As Councilman Mike Feuer put it, “The city isn‘t popular in Sacramento. The state has hundreds of ways of dealing with this.” Feuer has floated a compromise, asking that the Legislature allow Los Angeles to sell power directly to nearby institutions outside L.A. proper at the same rate (or slightly more) than it charges its city customers. The users could include county hospitals and other county facilities. The result would be a net savings to the hospitals, and for the city, a decent profit above the minimum it now earns for putting current on the state grid. It also would avoid for Los Angeles the stigma of profiteering.

Then again, Riordan may simply be jealous. Freeman is to Riordan what the former police commissioner William Bratton was to New York’s flip-top Mayor Rudy Giuliani -- an appointee who gets better press. Even if the mayor doesn‘t push him out, though, the Man in the Hat could soon move on. There’s a bigger job for him in Sacramento -- the state power czarship that Freeman has been outlining for Governor Gray Davis. And which Davis announced last weekend that he‘s going to set up. At age 75, Freeman may be ready for new horizons.

Related Content

Now Trending

  • Foster the People's Downtown L.A. Mural Is Coming Down

    The controversial Foster the People mural downtown is coming down, the office of L.A. Mayor Eric Garcetti announced today. Despite claims by the pop band that it had necessary permits and that the artwork was legitimately produced, the mayor's office states what we reported previously: The piece is on a...
  • Sexual Predator Is Targeting Females in Eastside Park

    A sexual predator is on the loose in an Eastside park, police warned today. Cops say the creep has targeted "lone females" walking in Ernest E. Debs Regional Park three times between January and July. He has groped, exposed himself and even attacked with a knife, the Los Angeles Police...
  • U.S. Reps Call For Federal Intervention in Dodger TV Blackout

    A group of local U.S. representatives wants the Federal Communications Commission to help end Time Warner Cable's blackout of Dodger games for competing cable and satellite providers. Negotiations to bring the team's games to AT&T U-verse, Charter Communications, Cox Communications, DirecTV, Dish Network, Mediacom, Suddenlink Communications and Verizon FIOS have gotten...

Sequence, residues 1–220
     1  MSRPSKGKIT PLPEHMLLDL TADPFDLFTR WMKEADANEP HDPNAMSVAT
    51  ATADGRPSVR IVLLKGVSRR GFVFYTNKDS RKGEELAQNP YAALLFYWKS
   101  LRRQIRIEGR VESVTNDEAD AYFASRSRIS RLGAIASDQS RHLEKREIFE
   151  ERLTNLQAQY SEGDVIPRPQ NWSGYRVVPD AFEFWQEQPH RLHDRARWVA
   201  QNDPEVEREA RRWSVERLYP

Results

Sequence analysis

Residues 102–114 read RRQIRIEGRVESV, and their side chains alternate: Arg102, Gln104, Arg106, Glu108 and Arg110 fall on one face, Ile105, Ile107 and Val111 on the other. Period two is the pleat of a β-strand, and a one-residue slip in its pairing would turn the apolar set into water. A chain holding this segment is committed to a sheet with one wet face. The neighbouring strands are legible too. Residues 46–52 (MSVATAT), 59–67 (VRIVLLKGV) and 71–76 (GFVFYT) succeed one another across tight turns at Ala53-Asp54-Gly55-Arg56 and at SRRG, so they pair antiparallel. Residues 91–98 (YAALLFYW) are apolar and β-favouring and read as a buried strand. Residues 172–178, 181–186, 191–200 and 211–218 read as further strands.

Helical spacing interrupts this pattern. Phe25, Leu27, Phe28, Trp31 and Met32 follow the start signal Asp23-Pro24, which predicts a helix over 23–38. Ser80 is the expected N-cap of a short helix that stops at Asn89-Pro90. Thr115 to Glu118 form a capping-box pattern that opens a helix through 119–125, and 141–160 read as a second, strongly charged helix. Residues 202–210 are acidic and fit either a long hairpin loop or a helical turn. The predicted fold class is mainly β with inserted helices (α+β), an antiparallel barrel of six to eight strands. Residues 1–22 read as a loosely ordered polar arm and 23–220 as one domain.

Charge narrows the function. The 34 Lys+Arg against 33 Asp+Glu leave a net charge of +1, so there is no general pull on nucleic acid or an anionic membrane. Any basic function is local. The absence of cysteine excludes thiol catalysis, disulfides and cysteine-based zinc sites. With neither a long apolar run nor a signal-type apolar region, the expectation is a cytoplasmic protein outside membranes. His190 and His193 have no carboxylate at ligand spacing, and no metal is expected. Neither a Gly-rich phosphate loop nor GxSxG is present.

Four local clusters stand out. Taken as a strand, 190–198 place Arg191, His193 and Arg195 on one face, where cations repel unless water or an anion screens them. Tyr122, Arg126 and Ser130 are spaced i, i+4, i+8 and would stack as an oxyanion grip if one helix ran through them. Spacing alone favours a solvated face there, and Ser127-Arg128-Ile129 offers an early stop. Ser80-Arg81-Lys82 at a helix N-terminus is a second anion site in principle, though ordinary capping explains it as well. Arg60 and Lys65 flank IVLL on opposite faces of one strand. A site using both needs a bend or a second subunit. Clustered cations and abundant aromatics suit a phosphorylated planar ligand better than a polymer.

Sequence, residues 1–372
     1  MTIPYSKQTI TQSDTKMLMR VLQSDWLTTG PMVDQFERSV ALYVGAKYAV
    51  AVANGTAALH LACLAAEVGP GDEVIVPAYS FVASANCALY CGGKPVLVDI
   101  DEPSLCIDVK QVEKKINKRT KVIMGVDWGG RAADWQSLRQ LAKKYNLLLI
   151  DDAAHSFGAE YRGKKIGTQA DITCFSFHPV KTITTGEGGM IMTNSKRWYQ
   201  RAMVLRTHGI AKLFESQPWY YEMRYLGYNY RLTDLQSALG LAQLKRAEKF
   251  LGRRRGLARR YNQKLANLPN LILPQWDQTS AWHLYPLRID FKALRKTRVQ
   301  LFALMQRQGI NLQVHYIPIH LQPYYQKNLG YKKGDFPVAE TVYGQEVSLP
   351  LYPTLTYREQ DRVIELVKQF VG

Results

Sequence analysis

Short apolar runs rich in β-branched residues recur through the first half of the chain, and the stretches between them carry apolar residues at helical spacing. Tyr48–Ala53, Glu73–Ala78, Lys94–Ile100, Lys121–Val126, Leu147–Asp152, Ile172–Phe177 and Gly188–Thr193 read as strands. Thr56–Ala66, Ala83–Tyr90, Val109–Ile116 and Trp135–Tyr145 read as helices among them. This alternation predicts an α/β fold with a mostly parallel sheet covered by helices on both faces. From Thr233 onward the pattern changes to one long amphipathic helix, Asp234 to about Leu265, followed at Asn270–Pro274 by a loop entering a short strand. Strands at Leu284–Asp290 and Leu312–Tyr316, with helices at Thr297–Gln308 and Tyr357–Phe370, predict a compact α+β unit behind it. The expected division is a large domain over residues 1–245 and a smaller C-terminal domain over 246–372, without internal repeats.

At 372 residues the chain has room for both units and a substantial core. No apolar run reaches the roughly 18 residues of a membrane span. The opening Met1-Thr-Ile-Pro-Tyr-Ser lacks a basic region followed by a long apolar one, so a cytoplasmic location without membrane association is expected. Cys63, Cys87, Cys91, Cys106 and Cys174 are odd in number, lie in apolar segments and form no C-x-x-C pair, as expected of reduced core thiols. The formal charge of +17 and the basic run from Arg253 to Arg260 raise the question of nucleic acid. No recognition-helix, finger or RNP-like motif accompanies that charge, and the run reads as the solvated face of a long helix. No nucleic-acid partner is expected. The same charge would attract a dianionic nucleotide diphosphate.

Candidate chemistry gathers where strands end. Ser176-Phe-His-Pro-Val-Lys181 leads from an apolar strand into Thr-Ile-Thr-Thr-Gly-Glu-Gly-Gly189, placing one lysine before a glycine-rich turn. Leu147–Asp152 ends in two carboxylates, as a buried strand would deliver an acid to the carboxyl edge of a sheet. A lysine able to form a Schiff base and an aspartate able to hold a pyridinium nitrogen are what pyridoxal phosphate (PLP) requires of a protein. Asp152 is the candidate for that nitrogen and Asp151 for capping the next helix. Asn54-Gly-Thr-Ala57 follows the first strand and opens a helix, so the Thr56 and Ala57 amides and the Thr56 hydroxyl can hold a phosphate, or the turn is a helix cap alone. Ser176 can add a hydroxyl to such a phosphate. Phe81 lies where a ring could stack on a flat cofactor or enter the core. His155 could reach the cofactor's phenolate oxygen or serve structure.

2
Los Angeles Concert Tickets

Slideshows

  • Street League Skateboarding Super Crown World Championship
    On Sunday, Street League Skateboarding touched down in the Galen Center at USC as part of a four-stop tour for SLS's Super Crown World Championship. The L.A. stop determined the roster for Super Crown, airing August 24th on FOX Sports 1. The final eight are Nyjah Huston, Luan Oliveira, Torey Pudwill, Shane O'Neill, Paul Rodriguez, Chaz Ortiz, Matt Berger and Ishod Wair. All photos by Nanette Gonzales.
  • Comic-Con's "Celebrity" Autograph Area
    A sometimes overlooked (but still incredibly unique) aspect of San Diego Comic-Con are the celebs available to sign autographs, as well as the autograph seekers themselves. If you've ever wanted to meet the Soup Nazi from Seinfeld or the guy who played Michelangelo in the original Teenage Mutant Ninja Turtles, chances are, as you wander the Autograph Area, you'll be able to connect with someone you didn't even realize you were waiting your whole life to meet! All photos by Rob Inderrieden.
  • Real Madrid Soccer Practice at UCLA
    Fans came out to greet world champion soccer team Real Madrid as they practice at UCLA. This is the first time that soccer star Cristiano Ronaldo has practiced with the team this year. All photos by Jeff Cowan.